You Can Stop Using Plastic Shopping Bags

During the fall of 2011 I decided I would make 2012 the year I would bring home no plastic shopping bags! I had seen plastic bags floating way out in the Pacific back in the 80s and couldn’t miss them wafting down almost every street I traveled.

I also was aware, in a vague way, that they are made from petroleum and that sea life often ate them only to die as they twisted up their guts.

It turns out the problem is way worse than I thought.

Recycling plastic bags isn’t working because there’s no market for that kind of plastic (PE).  Sure, when we put plastic bags in a recycling container outside our grocery store, they get picked up and taken somewhere, but it turns out they are just stored. While that’s better than letting them blow into our waterways and decorating our landscape, it’s a non-solution.

5Gyers.org, named for the huge geyers or ever turning circles of trash driven by the ocean currents, spells out the problem clearly. Yes, there are currently 5 gyers of trash in the world’s oceans – those are our oceans and we’re ruining them. Much of the problem is caused by plastic shopping bags.

BagMonster.com is a site devoted to both education about the damage plastic bags do and to banning them. You can learn and participate there.

Learning to stop using plastic shopping bags

The secret, of course, is substituting reusable shopping bags for the plastic ones.

Learning to actually use the reusable bags I’d been given and bought along the way turned out to really be about forming a new habit. Sometime in early November I made the commitment and practiced getting those bags from the car to the grocery store and from my house back to the car.

What initially stilted me was how to handle my own trash. I couldn’t remember what I had done with trash cans before plastic bags. So I asked someone. The answer turned out to be dirt simple – I no longer line them with anything.

Sure, the kitchen trashcan gets messy – in fact the first week I didn’t line it it got flat gross.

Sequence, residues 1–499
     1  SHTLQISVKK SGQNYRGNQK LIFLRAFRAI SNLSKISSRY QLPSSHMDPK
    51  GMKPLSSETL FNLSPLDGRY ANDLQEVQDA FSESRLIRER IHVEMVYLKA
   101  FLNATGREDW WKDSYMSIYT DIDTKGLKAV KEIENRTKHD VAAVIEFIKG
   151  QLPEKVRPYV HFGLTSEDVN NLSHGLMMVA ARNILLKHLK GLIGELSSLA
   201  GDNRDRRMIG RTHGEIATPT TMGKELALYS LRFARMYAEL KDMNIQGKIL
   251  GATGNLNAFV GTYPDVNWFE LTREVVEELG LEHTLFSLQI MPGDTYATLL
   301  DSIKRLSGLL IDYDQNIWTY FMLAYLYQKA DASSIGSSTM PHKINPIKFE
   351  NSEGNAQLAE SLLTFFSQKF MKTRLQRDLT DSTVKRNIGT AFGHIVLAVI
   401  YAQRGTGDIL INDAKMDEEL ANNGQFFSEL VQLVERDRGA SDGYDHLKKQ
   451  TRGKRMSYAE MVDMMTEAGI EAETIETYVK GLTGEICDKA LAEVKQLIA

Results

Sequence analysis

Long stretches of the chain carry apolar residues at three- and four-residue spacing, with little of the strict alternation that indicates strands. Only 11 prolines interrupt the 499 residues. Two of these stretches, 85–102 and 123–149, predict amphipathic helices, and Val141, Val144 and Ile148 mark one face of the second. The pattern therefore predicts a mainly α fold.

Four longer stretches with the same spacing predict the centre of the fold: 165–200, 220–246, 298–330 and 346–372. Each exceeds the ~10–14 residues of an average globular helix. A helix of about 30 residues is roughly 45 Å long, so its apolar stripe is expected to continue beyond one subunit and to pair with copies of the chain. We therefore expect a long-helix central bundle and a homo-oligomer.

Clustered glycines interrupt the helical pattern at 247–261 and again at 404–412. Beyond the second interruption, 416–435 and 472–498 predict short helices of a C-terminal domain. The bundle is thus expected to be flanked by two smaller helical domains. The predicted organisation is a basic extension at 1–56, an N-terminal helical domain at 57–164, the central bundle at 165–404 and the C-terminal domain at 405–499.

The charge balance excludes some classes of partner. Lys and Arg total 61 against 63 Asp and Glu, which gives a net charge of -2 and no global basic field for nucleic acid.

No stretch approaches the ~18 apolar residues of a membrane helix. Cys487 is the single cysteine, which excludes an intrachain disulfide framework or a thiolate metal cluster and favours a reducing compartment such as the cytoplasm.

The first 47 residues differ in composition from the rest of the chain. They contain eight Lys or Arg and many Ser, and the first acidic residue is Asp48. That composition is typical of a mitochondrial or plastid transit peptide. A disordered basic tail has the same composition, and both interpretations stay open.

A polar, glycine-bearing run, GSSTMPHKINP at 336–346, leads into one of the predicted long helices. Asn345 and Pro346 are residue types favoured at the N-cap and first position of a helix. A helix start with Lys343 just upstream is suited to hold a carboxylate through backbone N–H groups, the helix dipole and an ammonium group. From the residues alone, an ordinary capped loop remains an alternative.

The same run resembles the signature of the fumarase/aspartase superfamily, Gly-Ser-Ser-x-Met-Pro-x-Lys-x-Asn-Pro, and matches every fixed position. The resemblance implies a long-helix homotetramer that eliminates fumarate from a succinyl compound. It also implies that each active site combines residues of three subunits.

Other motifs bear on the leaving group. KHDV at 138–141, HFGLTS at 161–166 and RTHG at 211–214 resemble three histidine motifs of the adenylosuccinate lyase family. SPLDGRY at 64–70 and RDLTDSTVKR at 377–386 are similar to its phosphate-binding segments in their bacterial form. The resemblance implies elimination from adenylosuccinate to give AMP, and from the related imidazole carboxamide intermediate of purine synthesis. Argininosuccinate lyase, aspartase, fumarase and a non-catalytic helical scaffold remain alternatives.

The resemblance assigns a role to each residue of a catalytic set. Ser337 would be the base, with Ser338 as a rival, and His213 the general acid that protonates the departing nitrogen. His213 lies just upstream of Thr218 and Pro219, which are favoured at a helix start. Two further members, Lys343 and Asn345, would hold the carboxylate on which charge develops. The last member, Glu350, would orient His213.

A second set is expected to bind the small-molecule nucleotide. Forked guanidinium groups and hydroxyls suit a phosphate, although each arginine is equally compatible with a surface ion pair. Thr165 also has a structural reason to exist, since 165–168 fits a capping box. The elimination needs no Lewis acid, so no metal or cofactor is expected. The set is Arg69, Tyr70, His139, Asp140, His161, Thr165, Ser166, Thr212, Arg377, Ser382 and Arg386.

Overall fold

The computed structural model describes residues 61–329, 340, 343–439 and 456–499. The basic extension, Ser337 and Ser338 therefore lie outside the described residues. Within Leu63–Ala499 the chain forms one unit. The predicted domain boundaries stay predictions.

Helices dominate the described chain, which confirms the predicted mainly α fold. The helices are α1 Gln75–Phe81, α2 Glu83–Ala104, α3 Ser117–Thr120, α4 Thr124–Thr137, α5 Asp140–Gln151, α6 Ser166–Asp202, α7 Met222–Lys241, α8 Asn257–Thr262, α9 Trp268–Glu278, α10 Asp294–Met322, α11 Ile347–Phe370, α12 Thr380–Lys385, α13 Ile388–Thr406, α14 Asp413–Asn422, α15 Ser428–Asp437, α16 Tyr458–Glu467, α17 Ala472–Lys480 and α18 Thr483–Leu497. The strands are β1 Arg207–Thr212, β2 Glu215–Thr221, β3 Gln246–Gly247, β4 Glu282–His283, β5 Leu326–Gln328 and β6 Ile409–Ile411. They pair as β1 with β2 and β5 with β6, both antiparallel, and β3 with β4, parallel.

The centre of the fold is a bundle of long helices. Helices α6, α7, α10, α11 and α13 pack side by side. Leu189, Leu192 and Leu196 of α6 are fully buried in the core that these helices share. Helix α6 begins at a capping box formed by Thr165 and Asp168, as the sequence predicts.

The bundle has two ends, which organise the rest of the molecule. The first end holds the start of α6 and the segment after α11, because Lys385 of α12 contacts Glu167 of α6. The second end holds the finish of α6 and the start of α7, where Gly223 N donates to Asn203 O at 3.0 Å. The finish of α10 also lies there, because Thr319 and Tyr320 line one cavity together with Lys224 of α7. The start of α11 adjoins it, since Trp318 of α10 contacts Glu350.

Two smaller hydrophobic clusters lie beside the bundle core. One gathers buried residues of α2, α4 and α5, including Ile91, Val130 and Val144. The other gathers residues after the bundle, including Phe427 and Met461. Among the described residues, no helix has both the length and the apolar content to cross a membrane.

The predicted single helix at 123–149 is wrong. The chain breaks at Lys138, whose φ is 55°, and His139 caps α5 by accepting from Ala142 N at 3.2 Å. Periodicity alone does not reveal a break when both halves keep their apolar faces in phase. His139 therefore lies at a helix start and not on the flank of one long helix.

Composting makes handling garbage a lot easier. I also learned to rinse out, even wash, any container that had meat in it of any sort.

Besides, the trashcan is washable – what a concept!

I discovered that without the plastic bag lining it I got more trash into it, meaning fewer trips out to empty it, a small plus.

I’ve also been seen coming out of stores juggling un-bagged items because I’d forgotten my reusable bags, and once I had to buy yet another reusable bag because mine were already filled up with groceries in the car. But when I’ve told the clerks that I haven’t used any plastic shopping bags for all of 2012 they seem pleased. One even said he might do the same thing.

According to various websites, the average person uses 500 plastic bags a year. Subtracting my contribution by itself means nothing. Added to yours it starts to mount up. At the moment about 100 people see this blog – if we all stop using them that’s 50,000 bags. If all of you show one other person… and so it goes.

Finally, what about the companies that manufacture plastic shopping bags and the people they employ? It is possible to make bio-plastic bags out of corn. Not totally problem free, according to Smithsonian Magazines, they are a partial step in the right direction. The real answer is just to quit using the darn things.

Will you join me in giving up the plastic shopping bag?

Love, blessings and abundance,

Anne Wayman: When Grandmother Speaks

{ 5 comments… read them below or add one }

Sharon Hurley Hall November 21, 2012 at 1:30 pm

Way to go, Anne! We’re in a sort of halfway house – we use reusable bags for shopping a lot of the time, and reuse the plastic bags we do get. Many of the supermarkets use plastic that eventually disintegrates into a sort of dusty substance. I think it’s better than the regular kind but I’m not sure.

annew November 21, 2012 at 4:53 pm

Sharon, those bags that disintegrate are probably made of corn starch and are definitely a better option than the plastic ones. And what do you mean a half-way house?

Joni November 18, 2013 at 5:29 pm

Several stores in my area offer plastic or the old time paper bags. I take paper bags every time. I use them to line my kitchen garbage can. Of course, they do not hold as much trash but I don’t mind taking it out more often. When I ask for Gopaper bags every time they say, well you can just take some for free and still put your groceries in plastic bags. I tell them that is defeating my purpose. They can’t believe I don’t want the plastic. At one time when my kids were still home we had hundreds of bags….I hate them. Great post

annew December 16, 2013 at 6:13 pm

I know the feeling… when I turn down plastic I now tell them it’s been almost two years since I’ve taken one… surprise… and a few want to know more.

annew January 27, 2014 at 10:43 pm

Lori, it’s my understanding that the grocery bags really aren’t very recyclable… I don’t know why… I’ll have to do some more research. But recycling them is better than letting them loose.

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